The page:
Other books bySimon Armitage
Travels With a Troubadour on the Pennine Way
In summer 2010 Simon Armitage decided to walk the Pennine Way. The challenging 256-mile route is usually approached from south to north, from Edale in the Peak District to Kirk Yetholm, the other side of the Scottish border. He resolved to tackle it the other way round: through beautiful and bleak terrain, across lonely fells and into the howling wind, he would be walking home, towards the Yorkshire village where he was born.Travelling as a 'modern troubadour' without a penny in his pocket, he stopped along the way to give poetry readings in village halls, churches, pubs and living rooms. His audiences varied from the passionate to the indifferent, and his readings were accompanied by the clacking of pool balls, the drumming of rain and the bleating of sheep.Walking Home describes this extraordinary, yet ordinary, journey. It's a story about Britain's remote and overlooked interior - the wildness of its landscape and the generosity of the locals who sustained him on his way. It's about facing emotional and physical challenges, and sometimes overcoming them. It's nature writing, but with people at heart. Contemplative, moving and droll, it is a unique narrative from one of our most beloved writers.
A Poet's Journey
The wandering poet has always been a feature of our cultural imagination. Odysseus journeys home, his famous flair for storytelling seducing friend and foe. The Romantic poets tramped all over the Lake District searching for inspiration. Now Simon Armitage, with equal parts enthusiasm and trepidation, as well as a wry humor all his own, has taken on Britain’s version of our Appalachian Trail: the Pennine Way. Walking “the backbone of England” by day (accompanied by friends, family, strangers, dogs, the unpredictable English weather, and a backpack full of Mars Bars), each evening he gives a poetry reading in a different village in exchange for a bed. Armitage reflects on the inextricable link between freedom and fear as well as the poet’s place in our bustling world. In Armitage’s own words, “to embark on the walk is to surrender to its lore and submit to its logic, and to take up a challenge against the self.”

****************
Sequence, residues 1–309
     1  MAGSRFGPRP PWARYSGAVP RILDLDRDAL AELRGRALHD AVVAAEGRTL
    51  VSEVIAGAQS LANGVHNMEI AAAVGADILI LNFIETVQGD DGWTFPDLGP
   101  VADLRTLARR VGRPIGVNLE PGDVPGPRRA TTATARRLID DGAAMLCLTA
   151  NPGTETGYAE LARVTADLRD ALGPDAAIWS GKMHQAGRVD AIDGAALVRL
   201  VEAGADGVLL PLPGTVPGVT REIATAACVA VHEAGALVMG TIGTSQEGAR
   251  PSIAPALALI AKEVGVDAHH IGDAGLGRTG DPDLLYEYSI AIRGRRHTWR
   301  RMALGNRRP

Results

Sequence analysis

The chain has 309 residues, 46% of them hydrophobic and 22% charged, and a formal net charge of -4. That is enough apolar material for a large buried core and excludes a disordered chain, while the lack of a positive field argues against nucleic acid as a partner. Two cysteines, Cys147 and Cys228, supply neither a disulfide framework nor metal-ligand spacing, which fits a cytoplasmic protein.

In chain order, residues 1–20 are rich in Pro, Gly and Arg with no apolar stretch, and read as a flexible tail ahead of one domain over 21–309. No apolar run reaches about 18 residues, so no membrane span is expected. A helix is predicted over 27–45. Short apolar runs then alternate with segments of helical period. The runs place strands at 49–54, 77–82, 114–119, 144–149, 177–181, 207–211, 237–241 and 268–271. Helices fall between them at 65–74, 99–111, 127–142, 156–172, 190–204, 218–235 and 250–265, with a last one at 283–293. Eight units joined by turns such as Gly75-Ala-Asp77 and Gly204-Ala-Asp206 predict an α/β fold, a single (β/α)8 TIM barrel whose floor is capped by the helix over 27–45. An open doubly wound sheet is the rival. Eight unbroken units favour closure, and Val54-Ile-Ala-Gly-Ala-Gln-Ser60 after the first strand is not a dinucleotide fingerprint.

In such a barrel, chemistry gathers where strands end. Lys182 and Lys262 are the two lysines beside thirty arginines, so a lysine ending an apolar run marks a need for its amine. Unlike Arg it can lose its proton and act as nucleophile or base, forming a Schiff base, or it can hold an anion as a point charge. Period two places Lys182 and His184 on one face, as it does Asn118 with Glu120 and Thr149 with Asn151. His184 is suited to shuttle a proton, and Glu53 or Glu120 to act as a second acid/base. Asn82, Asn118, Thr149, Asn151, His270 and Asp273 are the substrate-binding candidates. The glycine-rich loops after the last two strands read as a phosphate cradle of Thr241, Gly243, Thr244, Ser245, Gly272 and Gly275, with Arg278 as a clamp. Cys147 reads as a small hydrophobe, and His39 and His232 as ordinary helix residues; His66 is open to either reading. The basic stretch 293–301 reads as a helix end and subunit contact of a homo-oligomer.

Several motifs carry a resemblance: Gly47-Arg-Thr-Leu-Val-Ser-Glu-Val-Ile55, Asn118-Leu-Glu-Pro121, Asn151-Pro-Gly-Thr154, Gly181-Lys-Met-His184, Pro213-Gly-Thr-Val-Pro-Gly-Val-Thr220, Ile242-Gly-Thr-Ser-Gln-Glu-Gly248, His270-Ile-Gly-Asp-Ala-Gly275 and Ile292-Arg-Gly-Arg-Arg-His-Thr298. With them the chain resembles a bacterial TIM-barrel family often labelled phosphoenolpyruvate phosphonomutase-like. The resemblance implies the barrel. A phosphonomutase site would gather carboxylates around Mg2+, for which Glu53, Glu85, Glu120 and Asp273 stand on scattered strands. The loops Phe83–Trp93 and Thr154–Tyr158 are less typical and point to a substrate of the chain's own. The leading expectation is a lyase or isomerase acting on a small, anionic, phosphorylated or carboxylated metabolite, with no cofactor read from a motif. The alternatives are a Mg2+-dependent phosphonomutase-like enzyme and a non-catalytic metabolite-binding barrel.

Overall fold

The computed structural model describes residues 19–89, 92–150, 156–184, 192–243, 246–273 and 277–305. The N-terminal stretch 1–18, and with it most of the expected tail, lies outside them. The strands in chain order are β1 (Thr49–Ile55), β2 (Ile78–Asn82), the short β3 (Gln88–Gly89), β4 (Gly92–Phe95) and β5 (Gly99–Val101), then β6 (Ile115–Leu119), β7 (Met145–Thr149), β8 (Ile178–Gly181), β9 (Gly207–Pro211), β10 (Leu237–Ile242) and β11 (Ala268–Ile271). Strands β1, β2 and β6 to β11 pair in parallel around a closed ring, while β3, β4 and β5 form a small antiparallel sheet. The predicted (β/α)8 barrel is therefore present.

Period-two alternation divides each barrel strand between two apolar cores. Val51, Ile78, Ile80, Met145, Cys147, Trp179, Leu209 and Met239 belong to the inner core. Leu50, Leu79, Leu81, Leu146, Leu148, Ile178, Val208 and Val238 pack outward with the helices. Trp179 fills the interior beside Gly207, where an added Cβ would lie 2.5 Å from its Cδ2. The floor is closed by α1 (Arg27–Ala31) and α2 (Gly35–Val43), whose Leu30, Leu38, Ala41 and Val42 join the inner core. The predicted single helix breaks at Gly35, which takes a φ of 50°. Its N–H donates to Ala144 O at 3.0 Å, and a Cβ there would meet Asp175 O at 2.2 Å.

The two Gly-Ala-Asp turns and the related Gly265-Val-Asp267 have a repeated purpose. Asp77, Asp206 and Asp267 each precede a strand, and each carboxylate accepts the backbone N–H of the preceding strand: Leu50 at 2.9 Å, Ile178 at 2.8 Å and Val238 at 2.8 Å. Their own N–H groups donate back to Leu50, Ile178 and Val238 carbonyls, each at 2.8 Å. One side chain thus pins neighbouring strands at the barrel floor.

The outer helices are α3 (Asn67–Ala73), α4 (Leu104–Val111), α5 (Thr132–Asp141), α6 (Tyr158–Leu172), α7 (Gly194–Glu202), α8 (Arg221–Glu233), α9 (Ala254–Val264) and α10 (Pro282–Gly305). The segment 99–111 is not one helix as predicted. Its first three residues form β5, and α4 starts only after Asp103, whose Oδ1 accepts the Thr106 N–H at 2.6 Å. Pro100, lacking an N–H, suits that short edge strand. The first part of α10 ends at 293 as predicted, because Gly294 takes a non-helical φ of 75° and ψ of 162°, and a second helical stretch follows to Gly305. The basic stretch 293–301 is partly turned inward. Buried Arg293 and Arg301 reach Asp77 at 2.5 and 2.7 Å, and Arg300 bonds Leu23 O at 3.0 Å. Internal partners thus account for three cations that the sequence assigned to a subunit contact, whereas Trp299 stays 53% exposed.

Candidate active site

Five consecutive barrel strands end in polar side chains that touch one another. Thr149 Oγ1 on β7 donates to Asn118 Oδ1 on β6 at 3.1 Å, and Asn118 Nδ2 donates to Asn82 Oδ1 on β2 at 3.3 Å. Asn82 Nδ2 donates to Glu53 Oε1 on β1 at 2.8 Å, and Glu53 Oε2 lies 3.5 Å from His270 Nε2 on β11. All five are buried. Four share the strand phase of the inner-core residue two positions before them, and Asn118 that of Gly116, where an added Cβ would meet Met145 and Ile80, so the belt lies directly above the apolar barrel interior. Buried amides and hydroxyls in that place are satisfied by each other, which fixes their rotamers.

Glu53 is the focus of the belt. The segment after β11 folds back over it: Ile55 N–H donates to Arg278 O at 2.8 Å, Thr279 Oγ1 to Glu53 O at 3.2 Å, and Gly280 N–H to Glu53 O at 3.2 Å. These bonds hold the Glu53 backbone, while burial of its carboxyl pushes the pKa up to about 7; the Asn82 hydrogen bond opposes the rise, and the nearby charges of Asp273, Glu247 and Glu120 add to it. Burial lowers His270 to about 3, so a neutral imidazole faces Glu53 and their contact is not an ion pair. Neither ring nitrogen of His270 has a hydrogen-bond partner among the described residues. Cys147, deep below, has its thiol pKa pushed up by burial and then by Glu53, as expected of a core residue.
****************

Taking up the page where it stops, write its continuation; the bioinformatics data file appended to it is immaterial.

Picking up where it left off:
Sir Gawain and the Green Knight
Already a classic of modern translation, this fresh, vibrant work by dynamic British poet Simon Armitage updates the late fourteenth-century poem for a new generation. The story of Sir Gawain and the Green Knight, in its depiction of Arthurian landscapes, dreamlike castles, and violent winter journeys, demands a peerless storyteller, and, "like the Gawain poet [himself], Armitage is some storyteller" (The Guardian). The work is an unparalleled masterpiece of alliteration and rhyme, and "[Armitage's] version inventively recreates the original's gnarled, hypnotic music ... but also has a free-flowing, colloquial twang that allows the poem to partake of the energies of contemporary speech" (Financial Times).
Now in paperback, the powerful selected work of Simon Armitage, the most distinctive poetic voice of contemporary Britain. Simon Armitage is arguably the leading British poet of the past twenty years. His knowledge of the English just as they are ("a gentleman farmer / living on reduced means, a cricketer's widow, / sowing a kitchen garden with sweet peas"), his colloquial Yorkshire wit and eye for situational ironies, his ability to steal up on us with the surreal while capturing the ordinary speech of everyday life: these qualities place him at the forefront of British poetry today. This slim volume is the perfect introduction to his work for newcomers, or the ideal selection for longtime readers to keep on the bedside table.